Kuwait Energy’s US$250mn bonds are quickly approaching maturity, 80 days until redemption. The company’s tight liquidity has frequently come into the spotlight, raising questions about Kuwait Energy’s ability to pay. United Energy Group’s (UEG) recent acquisition of the company created a bigger, less leveraged entity, with unrestricted access to liquidity. We believe the acquisition has removed concerns around the KUWAIE 19s repayment. Questions remain around the shape a refinancing deal could take, but, importantly, we expect it to be voluntary for KUWAIE 19s bondholders. KUWAIE 19s are indicated around par, suggesting that, between now and the 4 August maturity, the bonds could generate c2% total return, mainly from the share of the last coupon payment.
UEG pre-acquisition: a debt-free, highly cash-generative business. UEG is a Hong-Kong-listed company with a market cap of US$4.2bn, producing 66,453boepd of mainly gas (84%) and liquids in Pakistan. UEG’s revenues amounted to US$674mn, EBITDA to US$495mn and free cash flow before M&A to US$255mn, according to our calculations. The company carried a cash balance of US$321mn and had over US$700mn undrawn credit lines (Tables 1 and 2). UEG’s hydrocarbon reserves, however, were low, with average estimated life of under four years, based on the 2018 production and proved (1P) reserves of 95.3mmboe.
Kuwait Energy brings geographic diversification and vast reserves. In 2018, Kuwait Energy’s achieved 28,000boe of daily output, developing 376mmboe proved (1P) and 783mmboe proved and probable (2P) reserves. Block 9 in Iraq, in which the company holds 60% working interest, is its most valuable asset, accounting for c90% of 2P reserves. Kuwait Energy and Dragon Oil are in arbitration regarding a 15% working interest in Block 9. The parties decided to settle in 2018. However, when by the backstop date, the Iraqi government had not granted its approval for the transfer of the interest, Dragon Oil terminated the agreement, taking its case back to court. Kuwait Energy has long had difficulty securing steady funding to develop Iraqi gas fields. Operating cash flows, bonds, farm-outs, convertible loans and trade finance facilities have all been deployed for the purpose. Kuwait Energy has been free-cash-flow negative since 2014.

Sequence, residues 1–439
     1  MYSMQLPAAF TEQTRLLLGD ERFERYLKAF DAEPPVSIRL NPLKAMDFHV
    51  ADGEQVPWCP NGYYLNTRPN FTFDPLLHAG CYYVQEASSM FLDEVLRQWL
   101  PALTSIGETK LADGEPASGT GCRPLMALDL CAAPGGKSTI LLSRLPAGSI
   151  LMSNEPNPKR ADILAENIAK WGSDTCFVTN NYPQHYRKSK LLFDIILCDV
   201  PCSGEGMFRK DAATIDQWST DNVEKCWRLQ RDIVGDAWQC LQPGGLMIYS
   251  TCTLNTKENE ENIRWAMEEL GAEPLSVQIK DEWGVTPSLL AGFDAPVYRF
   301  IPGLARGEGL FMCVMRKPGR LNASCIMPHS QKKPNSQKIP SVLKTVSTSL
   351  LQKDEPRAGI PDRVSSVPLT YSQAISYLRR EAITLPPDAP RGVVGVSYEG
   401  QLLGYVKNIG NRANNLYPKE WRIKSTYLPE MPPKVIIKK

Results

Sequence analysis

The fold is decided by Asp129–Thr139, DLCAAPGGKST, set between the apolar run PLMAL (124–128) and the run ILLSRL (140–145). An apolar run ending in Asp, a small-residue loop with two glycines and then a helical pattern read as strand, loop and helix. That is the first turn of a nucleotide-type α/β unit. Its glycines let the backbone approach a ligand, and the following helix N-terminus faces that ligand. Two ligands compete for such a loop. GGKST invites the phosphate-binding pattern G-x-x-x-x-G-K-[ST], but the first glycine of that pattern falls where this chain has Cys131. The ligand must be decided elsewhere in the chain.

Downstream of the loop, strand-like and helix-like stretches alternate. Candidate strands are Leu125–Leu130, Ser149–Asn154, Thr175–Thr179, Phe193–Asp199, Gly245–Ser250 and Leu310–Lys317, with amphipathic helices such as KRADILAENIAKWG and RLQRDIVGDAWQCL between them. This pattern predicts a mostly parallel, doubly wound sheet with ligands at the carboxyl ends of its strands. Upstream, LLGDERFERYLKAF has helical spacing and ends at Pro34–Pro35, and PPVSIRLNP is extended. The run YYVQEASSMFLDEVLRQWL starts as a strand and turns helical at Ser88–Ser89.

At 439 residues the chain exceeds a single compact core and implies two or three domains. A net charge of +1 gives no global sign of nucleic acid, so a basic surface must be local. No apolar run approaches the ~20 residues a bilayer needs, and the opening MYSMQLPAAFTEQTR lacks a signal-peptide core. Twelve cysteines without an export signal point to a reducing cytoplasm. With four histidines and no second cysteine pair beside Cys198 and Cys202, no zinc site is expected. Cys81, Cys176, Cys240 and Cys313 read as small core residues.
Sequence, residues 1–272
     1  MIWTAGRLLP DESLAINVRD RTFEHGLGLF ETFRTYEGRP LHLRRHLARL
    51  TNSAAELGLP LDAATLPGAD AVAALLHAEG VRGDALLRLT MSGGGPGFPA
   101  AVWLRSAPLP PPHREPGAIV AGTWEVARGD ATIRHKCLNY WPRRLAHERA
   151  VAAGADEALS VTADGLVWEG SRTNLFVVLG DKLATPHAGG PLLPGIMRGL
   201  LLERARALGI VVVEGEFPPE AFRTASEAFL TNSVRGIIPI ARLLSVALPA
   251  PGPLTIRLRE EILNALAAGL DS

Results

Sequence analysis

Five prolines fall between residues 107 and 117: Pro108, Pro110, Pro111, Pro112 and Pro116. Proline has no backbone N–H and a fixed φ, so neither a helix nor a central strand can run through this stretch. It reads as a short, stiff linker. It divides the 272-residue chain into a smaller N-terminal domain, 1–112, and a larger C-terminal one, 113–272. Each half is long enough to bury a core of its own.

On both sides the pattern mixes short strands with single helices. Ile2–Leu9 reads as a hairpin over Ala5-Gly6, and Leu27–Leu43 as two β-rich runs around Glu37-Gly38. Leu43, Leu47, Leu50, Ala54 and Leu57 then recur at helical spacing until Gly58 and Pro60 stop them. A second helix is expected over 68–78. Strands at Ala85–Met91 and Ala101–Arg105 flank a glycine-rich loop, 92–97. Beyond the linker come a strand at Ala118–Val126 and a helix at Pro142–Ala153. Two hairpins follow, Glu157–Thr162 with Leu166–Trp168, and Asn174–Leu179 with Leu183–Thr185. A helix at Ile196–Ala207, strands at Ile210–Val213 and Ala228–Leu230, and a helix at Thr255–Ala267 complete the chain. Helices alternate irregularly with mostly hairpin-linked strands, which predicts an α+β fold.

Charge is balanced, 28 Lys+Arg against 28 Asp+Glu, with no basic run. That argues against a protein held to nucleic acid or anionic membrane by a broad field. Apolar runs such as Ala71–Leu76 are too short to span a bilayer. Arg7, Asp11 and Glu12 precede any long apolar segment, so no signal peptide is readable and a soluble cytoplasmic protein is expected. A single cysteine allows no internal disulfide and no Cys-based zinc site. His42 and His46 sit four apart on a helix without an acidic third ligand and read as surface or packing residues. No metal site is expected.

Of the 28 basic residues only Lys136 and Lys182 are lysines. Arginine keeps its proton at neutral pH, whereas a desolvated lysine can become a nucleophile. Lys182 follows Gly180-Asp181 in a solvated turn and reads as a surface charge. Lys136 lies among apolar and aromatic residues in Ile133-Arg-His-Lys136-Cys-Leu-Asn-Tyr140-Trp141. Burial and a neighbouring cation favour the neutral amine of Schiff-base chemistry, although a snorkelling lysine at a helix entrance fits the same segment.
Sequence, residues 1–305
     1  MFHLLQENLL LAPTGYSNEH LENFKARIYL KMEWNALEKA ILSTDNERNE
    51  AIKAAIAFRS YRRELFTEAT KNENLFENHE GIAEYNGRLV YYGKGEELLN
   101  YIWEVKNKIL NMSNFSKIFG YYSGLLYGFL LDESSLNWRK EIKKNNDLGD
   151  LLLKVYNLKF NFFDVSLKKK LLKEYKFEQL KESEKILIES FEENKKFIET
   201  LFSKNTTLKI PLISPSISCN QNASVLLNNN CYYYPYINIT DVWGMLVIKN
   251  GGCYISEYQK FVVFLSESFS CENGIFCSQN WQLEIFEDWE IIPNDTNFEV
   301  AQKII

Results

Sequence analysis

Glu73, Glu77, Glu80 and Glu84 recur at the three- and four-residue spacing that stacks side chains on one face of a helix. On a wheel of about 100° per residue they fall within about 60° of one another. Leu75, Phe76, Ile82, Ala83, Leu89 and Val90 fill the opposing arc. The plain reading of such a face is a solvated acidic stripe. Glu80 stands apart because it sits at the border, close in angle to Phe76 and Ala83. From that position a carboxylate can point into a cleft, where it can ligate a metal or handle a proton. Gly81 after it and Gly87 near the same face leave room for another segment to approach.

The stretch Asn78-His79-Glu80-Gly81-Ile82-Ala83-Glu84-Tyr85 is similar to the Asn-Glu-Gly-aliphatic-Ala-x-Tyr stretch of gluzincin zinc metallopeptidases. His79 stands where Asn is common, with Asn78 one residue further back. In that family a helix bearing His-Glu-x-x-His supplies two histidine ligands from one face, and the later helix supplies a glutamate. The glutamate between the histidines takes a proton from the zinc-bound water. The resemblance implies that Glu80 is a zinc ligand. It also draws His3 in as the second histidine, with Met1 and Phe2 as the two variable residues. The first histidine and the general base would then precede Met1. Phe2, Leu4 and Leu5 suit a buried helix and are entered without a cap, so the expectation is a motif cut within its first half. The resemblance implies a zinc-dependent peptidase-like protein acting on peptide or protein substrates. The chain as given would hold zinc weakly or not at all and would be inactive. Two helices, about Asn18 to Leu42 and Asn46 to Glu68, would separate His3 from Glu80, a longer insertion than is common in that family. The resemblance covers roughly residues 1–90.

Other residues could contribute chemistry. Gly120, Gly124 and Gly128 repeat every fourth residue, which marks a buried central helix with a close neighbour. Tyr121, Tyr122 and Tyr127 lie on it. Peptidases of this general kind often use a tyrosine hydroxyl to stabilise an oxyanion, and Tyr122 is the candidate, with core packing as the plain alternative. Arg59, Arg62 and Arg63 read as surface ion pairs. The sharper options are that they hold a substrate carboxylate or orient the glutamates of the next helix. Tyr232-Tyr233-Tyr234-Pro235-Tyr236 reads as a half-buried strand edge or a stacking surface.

UEG post-acquisition: low debt, high reserves and access to funding. We estimate that, on a pro-forma basis, the combined entity would have had c95,000boepd working interest production, US$879mn in revenues, US$600mn in EBITDA and a US$238mn free cash flow in 2018. Taking into account the acquisition price paid and redemption of Kuwait Energy’s convertible loans, we estimate UEG’s pro-forma net leverage at 0.8x (Table 1). In 2019, UEG increased its liquidity pool by raising US$200mn for working capital, taking the total amount of available credit lines to cUS$700mn, according to our estimates.
KUWAIE 19s refinancing is still in the making. There is still no clear-cut plan as to the form of the liability management exercise, if any. With the amassed liquidity, UEG may use it to repay the bonds or refinance both KUWAIE 19s and loans to finance acquisitions with a bigger, potentially benchmark size, bond issue.